On Friday, June 17th, Mike Samuel & I flew into Zurich for a Tour of the French Alps. We flew separately, since we bought our plane tickets separately on www.hotwire.com, with me flying in on United Airlines at 8:30am, and him later on in the afternoon.
I went through customs, got my bike which was undamaged despite the rear deraileur having stuck out through the box, and proceeded to assemble the bike and place my saddlebag and the handlebar bag on the bike. I had a backpack that I would leave at the Google apartment in Zurich, but until I got access to the apartment I would have to ride with it on.
It took another half an hour to get a SIM card for my unlocked Motorola MPX 220 cell phone, and then I found a person to help me buy train tickets for the Zurich main station. As with most European countries, the trains in Switzerland took a fully assembled bike without any trouble. By 10:30 I was at the Zurich main station looking lost. I had a paper print out of a map of the Google Zurich office, but without any way to orient myself, I exited on the wrong side of the train station. I asked a couple of folks who were sitting by the side of the road how to get to where I wanted to go, and they pointed me at the road around the train station and I went at it.
Riding around a strange town jet-lagged is an andrenaline inducing experience. On the one hand, it's exciting --- the sights and sounds of a city aren't what I'm used to on my daily commute. On the other hand, the stress of not knowing where I was headed weighed heavily on my shoulders --- or was it the backpack?
I eventually hit a river with a road name I didn't recognize. I asked another cyclist and showed her the map, and she told me to turn right, and turn right again at the next block, find this big street, and then turn left. I did as she told me to do, and after that saw the number 6 tram which the folks at the office told me to look for, and followed that down a few blocks before realizing that I could ride past the street I was looking for and not notice if I was blindly following the tram, so I got off my bike and walked. Sure enough the next street was what I was looking for, so I turned right and pushed the bike up the hill until I saw the Google logo. It took me a couple of minutes to figure out how to open the door with my badge, and then I was in!
I dropped my bike off alongside several other bikes, and then proceeded up the stairs, where I had a full day of work waiting for me, including giving a tech talk, having a couple of technical discussions with folks that I would normally have a hard time working with, and getting the key to the apartment, which I would share with Mike and Rajul. Avieta told me that the week before it had been thunderstorming, so I must have brought good weather with me from California.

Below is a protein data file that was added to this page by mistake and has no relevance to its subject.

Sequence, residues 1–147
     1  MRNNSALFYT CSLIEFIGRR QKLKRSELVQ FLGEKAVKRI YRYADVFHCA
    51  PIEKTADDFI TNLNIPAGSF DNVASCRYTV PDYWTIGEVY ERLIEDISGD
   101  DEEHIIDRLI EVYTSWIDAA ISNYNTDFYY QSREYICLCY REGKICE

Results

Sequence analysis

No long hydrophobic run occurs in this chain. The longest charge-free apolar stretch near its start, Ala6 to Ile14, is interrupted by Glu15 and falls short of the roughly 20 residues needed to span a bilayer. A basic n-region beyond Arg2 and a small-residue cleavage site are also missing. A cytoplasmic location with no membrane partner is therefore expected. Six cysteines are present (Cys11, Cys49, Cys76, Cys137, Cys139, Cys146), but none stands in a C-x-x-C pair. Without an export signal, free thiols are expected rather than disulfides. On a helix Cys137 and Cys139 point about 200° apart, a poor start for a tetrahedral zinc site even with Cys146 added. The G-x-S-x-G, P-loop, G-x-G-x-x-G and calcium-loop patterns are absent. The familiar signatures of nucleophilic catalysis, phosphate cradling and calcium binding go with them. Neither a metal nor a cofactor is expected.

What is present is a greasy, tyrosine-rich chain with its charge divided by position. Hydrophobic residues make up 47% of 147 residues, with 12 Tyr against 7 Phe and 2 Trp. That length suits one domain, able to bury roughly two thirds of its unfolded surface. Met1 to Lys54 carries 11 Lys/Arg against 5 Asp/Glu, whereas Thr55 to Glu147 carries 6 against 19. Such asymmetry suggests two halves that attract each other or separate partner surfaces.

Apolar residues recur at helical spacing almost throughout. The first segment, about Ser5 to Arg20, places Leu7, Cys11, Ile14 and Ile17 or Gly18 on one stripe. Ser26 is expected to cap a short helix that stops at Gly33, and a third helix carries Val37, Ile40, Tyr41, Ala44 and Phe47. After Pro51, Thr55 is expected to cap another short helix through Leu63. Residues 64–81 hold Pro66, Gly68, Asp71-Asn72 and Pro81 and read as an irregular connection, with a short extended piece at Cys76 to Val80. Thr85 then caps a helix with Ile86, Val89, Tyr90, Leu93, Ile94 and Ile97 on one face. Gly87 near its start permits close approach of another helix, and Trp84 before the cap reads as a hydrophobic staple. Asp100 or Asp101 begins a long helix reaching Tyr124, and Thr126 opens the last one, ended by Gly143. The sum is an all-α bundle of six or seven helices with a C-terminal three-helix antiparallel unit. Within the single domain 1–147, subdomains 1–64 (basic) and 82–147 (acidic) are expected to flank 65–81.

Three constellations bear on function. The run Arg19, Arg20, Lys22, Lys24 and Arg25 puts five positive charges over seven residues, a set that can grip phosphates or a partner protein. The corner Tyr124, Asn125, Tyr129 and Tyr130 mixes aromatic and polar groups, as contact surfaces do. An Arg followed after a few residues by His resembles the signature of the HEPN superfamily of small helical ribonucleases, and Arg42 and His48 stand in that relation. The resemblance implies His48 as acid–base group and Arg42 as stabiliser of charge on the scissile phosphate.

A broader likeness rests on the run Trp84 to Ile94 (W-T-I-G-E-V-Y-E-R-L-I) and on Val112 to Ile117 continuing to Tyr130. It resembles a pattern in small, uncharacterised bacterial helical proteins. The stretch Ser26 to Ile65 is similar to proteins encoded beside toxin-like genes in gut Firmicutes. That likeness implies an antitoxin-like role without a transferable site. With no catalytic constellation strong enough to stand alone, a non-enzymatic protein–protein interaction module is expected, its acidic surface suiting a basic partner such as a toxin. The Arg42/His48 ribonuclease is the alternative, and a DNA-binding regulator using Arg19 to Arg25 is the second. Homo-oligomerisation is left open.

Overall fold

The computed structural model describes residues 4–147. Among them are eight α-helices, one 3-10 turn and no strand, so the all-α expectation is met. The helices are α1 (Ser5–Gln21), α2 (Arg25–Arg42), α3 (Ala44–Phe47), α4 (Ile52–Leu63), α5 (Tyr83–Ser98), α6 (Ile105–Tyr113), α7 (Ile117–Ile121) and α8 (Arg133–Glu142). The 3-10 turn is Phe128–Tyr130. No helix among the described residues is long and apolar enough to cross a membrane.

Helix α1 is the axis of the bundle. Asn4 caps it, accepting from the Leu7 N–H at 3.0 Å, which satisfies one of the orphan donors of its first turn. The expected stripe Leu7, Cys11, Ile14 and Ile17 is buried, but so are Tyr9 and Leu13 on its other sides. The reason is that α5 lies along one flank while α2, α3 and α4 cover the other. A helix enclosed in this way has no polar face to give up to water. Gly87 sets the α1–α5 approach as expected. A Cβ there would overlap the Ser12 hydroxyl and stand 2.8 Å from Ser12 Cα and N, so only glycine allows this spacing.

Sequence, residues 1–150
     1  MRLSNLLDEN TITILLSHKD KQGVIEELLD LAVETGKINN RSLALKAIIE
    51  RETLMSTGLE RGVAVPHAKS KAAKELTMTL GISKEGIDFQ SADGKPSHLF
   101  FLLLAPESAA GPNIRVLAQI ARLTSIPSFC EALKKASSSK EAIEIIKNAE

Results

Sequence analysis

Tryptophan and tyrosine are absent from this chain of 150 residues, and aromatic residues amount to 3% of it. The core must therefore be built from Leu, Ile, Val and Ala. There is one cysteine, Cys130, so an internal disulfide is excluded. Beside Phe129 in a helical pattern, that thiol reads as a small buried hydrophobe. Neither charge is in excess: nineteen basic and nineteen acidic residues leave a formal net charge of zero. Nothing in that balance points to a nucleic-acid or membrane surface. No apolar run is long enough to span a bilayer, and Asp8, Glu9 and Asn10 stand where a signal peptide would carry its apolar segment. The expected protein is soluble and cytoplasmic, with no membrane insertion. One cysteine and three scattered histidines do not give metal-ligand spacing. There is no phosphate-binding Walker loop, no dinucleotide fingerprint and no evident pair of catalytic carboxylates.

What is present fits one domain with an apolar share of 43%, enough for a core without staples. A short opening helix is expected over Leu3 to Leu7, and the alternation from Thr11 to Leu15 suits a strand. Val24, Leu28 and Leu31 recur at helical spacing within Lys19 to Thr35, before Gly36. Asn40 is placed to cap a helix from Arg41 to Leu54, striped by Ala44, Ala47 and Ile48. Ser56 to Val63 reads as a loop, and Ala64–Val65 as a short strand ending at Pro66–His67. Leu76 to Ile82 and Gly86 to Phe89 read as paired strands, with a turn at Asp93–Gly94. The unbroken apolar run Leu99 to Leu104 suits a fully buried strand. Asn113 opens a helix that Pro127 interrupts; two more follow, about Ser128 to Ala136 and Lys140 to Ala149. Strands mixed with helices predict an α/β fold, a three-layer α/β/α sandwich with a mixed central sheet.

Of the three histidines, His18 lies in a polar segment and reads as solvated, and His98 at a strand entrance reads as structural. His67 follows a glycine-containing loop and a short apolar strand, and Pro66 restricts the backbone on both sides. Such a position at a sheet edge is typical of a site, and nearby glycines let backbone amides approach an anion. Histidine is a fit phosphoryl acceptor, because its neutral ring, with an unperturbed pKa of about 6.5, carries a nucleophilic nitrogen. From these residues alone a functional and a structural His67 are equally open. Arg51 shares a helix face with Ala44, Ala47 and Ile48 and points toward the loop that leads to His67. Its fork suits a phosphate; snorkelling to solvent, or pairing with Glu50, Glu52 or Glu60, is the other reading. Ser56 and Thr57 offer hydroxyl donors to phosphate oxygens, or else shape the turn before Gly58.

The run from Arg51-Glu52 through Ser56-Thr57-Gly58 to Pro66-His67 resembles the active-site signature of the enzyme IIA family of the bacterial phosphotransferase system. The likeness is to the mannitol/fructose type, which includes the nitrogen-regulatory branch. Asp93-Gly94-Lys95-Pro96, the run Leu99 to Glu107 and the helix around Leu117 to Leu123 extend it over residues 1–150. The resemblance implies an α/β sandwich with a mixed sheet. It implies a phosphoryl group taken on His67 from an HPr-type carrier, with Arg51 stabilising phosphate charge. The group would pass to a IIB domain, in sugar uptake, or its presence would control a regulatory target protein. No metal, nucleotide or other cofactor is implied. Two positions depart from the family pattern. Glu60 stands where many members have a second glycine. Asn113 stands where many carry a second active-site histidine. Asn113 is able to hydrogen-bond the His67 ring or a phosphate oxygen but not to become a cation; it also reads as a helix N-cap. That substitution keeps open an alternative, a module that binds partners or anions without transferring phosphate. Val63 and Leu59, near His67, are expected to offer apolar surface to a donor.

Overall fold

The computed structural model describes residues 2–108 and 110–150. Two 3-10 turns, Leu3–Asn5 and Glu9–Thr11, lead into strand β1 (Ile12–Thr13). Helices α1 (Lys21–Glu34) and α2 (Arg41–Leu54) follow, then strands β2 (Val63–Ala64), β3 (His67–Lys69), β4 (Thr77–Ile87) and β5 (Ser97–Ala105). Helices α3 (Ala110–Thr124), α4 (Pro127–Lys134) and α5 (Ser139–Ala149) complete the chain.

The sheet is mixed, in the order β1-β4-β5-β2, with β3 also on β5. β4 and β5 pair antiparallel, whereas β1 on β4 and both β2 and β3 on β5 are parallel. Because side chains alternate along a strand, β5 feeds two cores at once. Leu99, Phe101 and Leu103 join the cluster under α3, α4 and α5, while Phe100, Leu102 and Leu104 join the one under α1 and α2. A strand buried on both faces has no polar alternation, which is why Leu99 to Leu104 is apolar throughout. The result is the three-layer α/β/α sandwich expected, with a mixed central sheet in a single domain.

At 3:00pm, Mike called the office to say that he had missed his connection at Frankfurt and would not be there till late. This was bad news, since the bike might or might not have missed the connection. (He late explained that he was so jet-lagged that he completely missed the fact that his plane was loading passengers!)
I was running completely on adrenaline, which meant everything went well until the urgency of trying to do everything today faded, which meant that at 4:30pm, I started to feel really really tired. Rajul volunteered to help by carrying my backpack, gave me directions to the apartment along with a better map, and I rode to the apartment with no trouble at all, took a shower, and then we headed out to dinner after Mike didn't show up.
While we finished dinner, Mike showed up and announced that Lufthansa had lost his bike! This was very stressful, and we were both very agitated. We discussed me visiting my friend in Lausanne at the start of the trip instead of at the end, or Mike buying a new bike (which would have been ironic since we had spent 5 hours building him new wheels just a month before the tour).
In the end, we decided to wait. Rajul said that the bike would probably be delivered tonight. I stayed up till about 9:30 and then gave in and went to bed.